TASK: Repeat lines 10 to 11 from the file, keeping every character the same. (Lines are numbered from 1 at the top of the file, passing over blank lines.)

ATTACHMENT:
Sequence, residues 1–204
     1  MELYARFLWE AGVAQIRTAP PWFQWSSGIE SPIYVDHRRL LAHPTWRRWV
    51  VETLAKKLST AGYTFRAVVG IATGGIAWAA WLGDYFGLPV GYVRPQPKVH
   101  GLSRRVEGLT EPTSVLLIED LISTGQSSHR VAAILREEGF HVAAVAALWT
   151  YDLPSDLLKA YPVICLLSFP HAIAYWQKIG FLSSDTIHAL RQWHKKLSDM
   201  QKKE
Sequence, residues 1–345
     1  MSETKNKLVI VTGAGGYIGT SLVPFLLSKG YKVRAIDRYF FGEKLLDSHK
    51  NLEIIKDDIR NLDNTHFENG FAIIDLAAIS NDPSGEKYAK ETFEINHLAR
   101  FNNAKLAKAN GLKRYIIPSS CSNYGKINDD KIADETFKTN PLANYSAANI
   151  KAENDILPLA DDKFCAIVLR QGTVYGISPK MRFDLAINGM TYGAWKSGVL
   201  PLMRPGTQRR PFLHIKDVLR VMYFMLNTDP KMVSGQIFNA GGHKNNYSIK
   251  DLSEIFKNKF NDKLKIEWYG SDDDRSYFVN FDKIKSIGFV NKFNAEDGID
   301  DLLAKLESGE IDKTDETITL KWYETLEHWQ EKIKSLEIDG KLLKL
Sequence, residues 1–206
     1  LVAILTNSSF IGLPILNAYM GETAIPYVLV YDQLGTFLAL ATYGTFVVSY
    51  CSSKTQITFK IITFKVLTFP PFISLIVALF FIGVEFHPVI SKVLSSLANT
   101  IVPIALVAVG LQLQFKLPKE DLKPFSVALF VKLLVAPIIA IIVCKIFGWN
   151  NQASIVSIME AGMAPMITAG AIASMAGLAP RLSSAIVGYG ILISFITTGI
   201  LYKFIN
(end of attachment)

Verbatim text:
   101  FNNAKLAKAN GLKRYIIPSS CSNYGKINDD KIADETFKTN PLANYSAANI
   151  KAENDILPLA DDKFCAIVLR QGTVYGISPK MRFDLAINGM TYGAWKSGVL